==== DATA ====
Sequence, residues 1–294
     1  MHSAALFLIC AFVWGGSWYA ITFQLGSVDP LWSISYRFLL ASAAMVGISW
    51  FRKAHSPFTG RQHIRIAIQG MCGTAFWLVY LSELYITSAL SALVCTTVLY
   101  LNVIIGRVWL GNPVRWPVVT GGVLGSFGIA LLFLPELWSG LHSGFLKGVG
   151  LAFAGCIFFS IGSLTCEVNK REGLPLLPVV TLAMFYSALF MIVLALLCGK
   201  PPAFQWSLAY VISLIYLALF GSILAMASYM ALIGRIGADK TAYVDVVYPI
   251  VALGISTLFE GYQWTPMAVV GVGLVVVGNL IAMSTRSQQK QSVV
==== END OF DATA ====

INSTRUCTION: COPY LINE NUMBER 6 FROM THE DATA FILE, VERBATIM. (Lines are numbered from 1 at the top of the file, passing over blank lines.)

   201  PPAFQWSLAY VISLIYLALF GSILAMASYM ALIGRIGADK TAYVDVVYPI